Ok, everyone, listen up. It’s time to start thinking critically about what your horror films are doing for you. Halloween is over and done with, so the rampant consumption of sub-par horror is no longer acceptable. We, as a culture, are settling for the most mundane and unimaginative scare tactics that directors and screenwriters can brew up, namely what I will refer to as “the non-diegetic jump scare.”
Let’s fill you in on a little terminology before we delve into our discussion of the increasing laziness in the horror movie world. When we refer to something as “non-diegetic,” it means that something exists outside of the universe of the film plot and is made evident only to the audience. In other words, the characters of the movie neither see nor hear the non-diegetic element. An example of a non-diegetic film element is the soundtrack, usually perceived only by the audience.
All that’s meant by the phrase “jump scare” is the plot device in movies within horror, thriller and suspense genres that literally causes audience members to jump or startle due to some unexpected action onscreen.
So now we can talk knowledgeably about the greatest scourge in today’s horror films, something that is magnificently unforgiveable, manipulative and largely pointless – the “non-diegetic jump scare.”
We’ve all seen it. A character is wandering around the screen, doing whatever they do, and suddenly the movie’s ghoul appears somewhere in the screen margins, unbeknownst to the onscreen character. This development startles the audience, but then serves no further purpose to the plot development.
Further, this plot device usually doesn’t even help to develop suspense, because by the time the filmmakers are resorting to this cheap tactic, the audience is very aware of the presence of the monster.
Therefore, the “non-diegetic jump scare” serves no purpose other than to acknowledge and titillate an uncritical and passive audience into believing that the suspense and plot is somehow furthered by the continued appearance of the monster exclusively to the viewer, but rarely to the horror and disgust of the diegetic characters.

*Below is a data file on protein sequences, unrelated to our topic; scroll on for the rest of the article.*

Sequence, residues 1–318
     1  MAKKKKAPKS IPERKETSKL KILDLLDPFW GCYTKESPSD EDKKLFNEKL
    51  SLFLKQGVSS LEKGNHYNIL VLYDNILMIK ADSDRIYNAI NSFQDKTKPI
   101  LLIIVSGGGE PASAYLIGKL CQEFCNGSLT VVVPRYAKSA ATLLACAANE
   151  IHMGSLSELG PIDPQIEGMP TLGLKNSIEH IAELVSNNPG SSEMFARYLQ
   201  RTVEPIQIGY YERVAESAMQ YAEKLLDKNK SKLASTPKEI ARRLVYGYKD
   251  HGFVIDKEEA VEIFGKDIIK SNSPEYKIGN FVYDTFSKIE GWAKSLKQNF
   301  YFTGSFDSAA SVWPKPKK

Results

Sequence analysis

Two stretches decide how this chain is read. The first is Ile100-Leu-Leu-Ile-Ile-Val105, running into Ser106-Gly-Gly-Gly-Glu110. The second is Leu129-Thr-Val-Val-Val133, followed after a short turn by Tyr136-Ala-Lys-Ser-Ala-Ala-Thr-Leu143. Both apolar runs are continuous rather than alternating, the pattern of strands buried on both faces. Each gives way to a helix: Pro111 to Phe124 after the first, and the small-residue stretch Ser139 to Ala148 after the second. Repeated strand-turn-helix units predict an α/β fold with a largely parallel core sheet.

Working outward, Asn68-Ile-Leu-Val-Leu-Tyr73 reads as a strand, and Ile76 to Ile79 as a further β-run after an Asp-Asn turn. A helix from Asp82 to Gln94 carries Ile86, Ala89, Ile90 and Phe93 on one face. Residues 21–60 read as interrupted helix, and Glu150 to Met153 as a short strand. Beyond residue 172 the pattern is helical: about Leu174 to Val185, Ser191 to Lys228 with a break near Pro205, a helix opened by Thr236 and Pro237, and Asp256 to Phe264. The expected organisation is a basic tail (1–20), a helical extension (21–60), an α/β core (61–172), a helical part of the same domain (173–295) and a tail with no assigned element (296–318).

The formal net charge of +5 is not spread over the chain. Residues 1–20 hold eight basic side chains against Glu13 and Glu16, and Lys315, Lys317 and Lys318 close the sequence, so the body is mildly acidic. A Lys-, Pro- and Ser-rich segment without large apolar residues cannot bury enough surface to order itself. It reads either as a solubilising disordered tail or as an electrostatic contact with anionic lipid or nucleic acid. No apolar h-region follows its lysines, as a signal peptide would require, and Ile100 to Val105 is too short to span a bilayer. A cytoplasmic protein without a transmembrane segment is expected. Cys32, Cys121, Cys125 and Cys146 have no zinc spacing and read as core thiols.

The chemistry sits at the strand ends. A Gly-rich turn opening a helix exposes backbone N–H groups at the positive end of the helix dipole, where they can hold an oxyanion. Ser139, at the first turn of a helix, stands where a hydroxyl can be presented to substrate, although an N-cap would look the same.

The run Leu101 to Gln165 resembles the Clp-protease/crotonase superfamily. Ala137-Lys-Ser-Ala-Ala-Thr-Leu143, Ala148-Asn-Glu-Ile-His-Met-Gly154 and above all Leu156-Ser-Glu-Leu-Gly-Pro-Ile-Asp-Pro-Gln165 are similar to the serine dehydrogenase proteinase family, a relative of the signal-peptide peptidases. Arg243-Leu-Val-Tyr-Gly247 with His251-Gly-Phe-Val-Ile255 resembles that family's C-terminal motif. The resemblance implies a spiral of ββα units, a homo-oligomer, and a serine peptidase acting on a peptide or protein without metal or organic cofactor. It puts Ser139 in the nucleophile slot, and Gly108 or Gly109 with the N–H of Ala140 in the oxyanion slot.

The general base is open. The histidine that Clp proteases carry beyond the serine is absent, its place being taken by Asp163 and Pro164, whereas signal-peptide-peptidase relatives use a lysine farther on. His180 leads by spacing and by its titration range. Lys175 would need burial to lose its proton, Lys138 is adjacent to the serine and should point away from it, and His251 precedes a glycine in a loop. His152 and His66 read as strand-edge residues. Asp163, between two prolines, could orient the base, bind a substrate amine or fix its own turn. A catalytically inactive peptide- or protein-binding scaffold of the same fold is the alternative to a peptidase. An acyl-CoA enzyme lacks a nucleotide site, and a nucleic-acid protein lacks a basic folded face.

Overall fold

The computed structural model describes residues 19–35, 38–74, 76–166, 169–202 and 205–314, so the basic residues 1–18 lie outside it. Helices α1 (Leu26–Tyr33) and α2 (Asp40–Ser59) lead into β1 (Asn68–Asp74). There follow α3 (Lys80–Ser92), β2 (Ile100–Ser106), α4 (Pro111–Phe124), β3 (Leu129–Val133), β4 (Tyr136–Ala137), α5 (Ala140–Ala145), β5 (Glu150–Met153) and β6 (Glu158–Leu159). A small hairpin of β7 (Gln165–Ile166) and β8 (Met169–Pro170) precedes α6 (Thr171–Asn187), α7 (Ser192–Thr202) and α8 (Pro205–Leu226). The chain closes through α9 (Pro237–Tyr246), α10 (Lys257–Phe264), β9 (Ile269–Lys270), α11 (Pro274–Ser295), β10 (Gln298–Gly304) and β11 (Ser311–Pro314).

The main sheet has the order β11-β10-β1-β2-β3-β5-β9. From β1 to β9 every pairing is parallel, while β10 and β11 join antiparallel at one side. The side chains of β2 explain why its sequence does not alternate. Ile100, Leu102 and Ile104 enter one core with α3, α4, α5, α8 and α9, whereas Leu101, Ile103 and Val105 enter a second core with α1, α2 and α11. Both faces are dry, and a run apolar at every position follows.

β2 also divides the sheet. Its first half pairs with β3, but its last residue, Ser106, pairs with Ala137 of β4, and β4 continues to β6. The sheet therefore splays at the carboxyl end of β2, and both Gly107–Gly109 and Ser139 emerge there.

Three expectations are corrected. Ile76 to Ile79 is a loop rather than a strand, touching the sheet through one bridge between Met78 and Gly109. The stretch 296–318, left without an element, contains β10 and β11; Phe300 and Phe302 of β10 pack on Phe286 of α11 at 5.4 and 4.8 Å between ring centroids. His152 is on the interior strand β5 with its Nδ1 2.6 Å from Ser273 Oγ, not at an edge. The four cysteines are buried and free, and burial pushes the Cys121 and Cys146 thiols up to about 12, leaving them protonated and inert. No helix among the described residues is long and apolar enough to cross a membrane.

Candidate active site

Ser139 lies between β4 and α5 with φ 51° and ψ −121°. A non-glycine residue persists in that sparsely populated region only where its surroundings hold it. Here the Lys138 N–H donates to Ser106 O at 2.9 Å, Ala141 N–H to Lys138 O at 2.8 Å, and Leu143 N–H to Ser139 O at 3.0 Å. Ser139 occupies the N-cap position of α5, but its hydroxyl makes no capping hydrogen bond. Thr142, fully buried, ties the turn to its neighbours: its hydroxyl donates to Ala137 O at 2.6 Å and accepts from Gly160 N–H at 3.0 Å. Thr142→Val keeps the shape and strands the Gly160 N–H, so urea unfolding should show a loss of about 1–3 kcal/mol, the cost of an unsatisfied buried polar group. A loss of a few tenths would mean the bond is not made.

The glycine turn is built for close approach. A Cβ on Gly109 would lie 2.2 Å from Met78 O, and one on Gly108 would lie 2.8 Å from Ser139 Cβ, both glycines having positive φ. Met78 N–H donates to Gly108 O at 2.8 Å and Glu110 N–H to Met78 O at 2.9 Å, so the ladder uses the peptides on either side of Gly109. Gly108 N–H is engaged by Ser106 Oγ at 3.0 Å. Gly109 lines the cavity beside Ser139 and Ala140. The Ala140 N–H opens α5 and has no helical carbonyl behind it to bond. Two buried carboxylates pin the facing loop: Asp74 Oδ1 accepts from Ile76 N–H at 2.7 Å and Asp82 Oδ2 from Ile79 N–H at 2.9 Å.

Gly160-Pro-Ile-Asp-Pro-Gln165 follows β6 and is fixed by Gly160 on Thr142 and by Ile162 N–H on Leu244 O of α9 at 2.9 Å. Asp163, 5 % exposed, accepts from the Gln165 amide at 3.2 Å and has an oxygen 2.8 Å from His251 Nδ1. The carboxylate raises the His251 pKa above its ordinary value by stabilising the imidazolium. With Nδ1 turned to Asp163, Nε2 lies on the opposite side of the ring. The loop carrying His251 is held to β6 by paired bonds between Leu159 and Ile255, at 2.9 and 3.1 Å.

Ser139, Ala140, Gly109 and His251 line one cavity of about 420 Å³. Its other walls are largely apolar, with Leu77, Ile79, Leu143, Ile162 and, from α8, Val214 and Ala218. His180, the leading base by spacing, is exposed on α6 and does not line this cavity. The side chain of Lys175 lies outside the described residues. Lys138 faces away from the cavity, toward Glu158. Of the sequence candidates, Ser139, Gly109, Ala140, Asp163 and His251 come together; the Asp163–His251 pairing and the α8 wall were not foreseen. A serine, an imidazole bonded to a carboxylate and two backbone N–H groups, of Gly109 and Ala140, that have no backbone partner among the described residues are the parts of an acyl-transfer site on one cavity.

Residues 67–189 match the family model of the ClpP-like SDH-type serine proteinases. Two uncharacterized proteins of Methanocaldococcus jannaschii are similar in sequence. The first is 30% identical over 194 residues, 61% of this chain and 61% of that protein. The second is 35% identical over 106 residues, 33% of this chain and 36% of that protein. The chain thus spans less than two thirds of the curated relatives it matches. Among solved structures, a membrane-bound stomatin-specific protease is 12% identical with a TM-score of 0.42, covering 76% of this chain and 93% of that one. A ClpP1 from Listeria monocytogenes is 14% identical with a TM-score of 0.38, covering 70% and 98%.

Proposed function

As with everything, examples make the understanding of new ideas much easier to swallow. The most glaring example that comes to mind is Guillermo del Toro’s “Mama.” Watching this movie, the ghost-mama appears several times in dark closets, around corners, etc. only to the benefit of the audience’s superficial satisfaction with the horror movie that they (better) have paid to watch. As a ghoul that has the option of invisibility, del Toro’s ghost has no motive to reveal itself if it is not going to be seen by the characters. Therefore, the appearances of the monster in these circumstances only serve as a nod toward the audience instead of furthering the plot or engaging with the actual characters in the plot. It’s a cheap ploy that attempts to fool audience members into thinking there is some sort of real horror or danger happening, when really it only reveals the lazy and uncreative half-efforts of the filmmakers.
Are horror directors just trying to be artistic, breaking the fourth wall of the silver screen? All signs point to the contrary, as the purpose of most narrative films, especially horror, is the keep the audience engaged and enthralled with the plot, not shake them out of the illusion by acknowledging their presence.
These appearances do not reveal any danger to the characters in the film, nor do they move the plot along in any important way. They seem only to be an assumption of the viewer’s low attention-span, therefore constantly begging for the audience’s visceral reaction to danger that isn’t actually there.
To rephrase, “If a monster appears out of eyesight, does it MATTER?” No. It doesn’t.
This is not to say that all jump scares are bad. To show and ultimately break the tension of a scene in which diegetic characters are actively engaged in the screen action is artistic, skillful and frankly terrifying when executed correctly.
Just think of that horrifically tense scene in Ridley Scott’s “Alien” when the crew of the Nostromo are closing in on the location of the homicidal xenomorph, relying only the blinking sensor of their motion detector. As they close in on a closed locker door, the suspense builds to a terrifying jump scare as the locker door bursts open to reveal what’s inside.
Or, if you’re craving a more contemporary example, what about the jump scares in “It Follows?” Every single scare serves the plot, and although they do effectively terrify moviegoers, these jump scares never pander. The audience is scared when the characters are scared. The audience is tense when the characters are tense. For the audience to be tense when there is no cause for immediate tension within the plot is absurd.
Overall, the use of “non-diegetic jump scares” proliferates only because we, the audience, allow it to. Without our passive acceptance of this cheap and unimaginative tactic, the practice would fizzle out and be relegated to the purgatory of novice horror directors still wet behind the ears. Be critical and stop settling. We deserve to be horrified, not cheaply pacified.